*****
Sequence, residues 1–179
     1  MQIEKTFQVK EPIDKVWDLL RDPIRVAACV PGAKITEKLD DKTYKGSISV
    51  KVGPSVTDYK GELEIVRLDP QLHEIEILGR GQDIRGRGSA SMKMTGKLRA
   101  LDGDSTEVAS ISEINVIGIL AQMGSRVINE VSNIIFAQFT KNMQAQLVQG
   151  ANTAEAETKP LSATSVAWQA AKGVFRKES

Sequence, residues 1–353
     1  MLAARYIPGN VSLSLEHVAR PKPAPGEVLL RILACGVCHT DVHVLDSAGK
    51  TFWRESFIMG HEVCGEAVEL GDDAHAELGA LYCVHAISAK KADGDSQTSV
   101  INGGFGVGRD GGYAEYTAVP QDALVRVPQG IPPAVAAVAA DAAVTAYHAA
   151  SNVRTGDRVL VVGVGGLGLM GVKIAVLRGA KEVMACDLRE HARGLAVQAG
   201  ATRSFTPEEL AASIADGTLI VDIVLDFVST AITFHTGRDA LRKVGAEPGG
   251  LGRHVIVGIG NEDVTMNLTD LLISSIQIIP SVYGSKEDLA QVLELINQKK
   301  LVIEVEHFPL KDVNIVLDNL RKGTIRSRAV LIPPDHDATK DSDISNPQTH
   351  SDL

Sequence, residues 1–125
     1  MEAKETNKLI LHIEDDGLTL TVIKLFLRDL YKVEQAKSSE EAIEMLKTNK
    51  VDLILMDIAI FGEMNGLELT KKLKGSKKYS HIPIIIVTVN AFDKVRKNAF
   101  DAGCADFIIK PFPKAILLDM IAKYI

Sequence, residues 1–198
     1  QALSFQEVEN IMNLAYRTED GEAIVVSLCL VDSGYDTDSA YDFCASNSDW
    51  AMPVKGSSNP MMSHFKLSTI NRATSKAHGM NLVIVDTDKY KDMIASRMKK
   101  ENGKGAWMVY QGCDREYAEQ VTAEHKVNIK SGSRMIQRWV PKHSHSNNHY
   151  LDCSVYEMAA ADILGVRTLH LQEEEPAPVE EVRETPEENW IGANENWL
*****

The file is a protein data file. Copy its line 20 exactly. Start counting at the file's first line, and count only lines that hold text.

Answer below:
     1  QALSFQEVEN IMNLAYRTED GEAIVVSLCL VDSGYDTDSA YDFCASNSDW